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The anatomy of an asthma attack – the experience of a parent

Johnathan Laird
Johnathan Laird

NORMAL day. It was a Monday.

Phonecall.

Wife calls. Our son is struggling to breath. Can you come home quickly.

Phone down.

Run.

In the door, noisy breathing, crying, upset. Wheeze.

His face is so white. Dad is thinking don’t panic that’s probably the most unhelpful thing to do right now. Don’t panic. Shit, will he be ok?

Ok think. What do we do?

Blue inhaler. Multidose. Spacer.

Mum can do that.

999

Ambulance. Blue light.

Dad left his phone at work. Doesn’t care. Are we there yet?

Paramedic gets the nebuliser straight on. Salbutamol 2.5mg being run in. Lips a bit blue? No, they aren’t. Are they?

Oxygen Sats 90%. Temperature 39.8 degree centigrade. Respiratory rate through the roof. Breathing with his ancillary muscles. He’s struggling.

Short, quick exhausted breaths. Noisy breathing. So noisy for someone so little.

Steroids. More salbutamol.

5 minutes. 10 minutes.

15 minutes. Calmer now.

The colour begins to return to the boy’s face.

He’ll be fine. Relief. Dad knew he would be fine. Never a doubt he thinks, denying the truth to himself. Thoughts now turn to the cause. What triggered the attack? Cold weather, the household cat, dust mites? Been through all this before. Is he on the right inhaler? Is dad supervising every time? Nurse mentioned an asthma plan.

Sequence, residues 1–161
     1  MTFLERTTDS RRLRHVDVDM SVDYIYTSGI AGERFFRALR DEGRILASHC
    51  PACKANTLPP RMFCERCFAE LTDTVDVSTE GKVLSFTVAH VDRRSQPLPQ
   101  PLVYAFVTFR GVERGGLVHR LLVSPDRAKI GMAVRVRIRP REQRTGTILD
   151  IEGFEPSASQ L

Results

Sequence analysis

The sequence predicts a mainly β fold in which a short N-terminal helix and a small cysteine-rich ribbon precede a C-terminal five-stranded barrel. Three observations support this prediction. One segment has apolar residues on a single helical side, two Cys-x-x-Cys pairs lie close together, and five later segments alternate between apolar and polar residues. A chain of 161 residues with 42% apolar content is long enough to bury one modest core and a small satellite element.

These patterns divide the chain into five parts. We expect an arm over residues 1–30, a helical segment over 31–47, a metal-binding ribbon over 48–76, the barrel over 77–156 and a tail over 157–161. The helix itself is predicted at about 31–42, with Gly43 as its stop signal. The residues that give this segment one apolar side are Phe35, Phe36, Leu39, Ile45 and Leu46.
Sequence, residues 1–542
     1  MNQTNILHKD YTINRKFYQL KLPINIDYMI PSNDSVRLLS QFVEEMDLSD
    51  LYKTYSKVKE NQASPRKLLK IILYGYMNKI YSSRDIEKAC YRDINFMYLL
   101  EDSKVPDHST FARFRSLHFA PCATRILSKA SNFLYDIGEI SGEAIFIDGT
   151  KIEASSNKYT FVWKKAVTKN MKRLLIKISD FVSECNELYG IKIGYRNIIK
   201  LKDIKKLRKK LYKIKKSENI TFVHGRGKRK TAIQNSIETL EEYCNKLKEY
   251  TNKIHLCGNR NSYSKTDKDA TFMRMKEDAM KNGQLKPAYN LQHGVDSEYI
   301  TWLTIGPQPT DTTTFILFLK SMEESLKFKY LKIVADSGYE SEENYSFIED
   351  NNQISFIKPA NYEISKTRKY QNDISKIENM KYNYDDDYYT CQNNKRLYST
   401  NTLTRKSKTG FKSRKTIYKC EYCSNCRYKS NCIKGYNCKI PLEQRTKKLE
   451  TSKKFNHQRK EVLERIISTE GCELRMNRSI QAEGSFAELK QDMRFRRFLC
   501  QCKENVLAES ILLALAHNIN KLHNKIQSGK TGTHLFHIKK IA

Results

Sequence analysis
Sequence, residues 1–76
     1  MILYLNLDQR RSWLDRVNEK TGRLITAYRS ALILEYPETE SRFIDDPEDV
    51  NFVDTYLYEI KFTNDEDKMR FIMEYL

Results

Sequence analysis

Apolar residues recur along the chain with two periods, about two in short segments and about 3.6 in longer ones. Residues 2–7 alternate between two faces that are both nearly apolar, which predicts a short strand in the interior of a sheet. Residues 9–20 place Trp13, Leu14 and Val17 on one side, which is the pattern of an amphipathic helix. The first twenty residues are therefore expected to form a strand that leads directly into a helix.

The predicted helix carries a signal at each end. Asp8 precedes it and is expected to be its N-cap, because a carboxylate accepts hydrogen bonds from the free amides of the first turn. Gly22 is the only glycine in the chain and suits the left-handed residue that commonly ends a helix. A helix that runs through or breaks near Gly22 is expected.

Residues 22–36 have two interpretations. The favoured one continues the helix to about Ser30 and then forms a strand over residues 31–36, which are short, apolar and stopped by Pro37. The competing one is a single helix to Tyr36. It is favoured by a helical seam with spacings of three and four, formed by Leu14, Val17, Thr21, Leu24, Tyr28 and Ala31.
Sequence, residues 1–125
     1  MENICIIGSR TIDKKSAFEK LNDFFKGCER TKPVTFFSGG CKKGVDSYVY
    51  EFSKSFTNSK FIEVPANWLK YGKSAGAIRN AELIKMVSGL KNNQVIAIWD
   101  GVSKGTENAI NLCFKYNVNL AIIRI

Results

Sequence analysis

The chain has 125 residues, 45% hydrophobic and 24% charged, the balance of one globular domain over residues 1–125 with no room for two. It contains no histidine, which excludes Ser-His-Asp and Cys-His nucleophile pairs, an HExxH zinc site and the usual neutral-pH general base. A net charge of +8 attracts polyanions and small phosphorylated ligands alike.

Guilt.

That terrified father — that was me last week.

Whether you have an interest in asthma or not, rest assured as in the story above things can change and become dangerous rapidly. Knowing what to do in an asthma attack is crucial. The image below succinctly describes what to do.

My best advice if you care for an asthmatic is to read and learn the advice on the image below. Remember, the best thing you can do for the patient throughout is remain calm and reassure constantly, because that feeling of breathlessness is terrifying especially for a child.

asthma-attack

 

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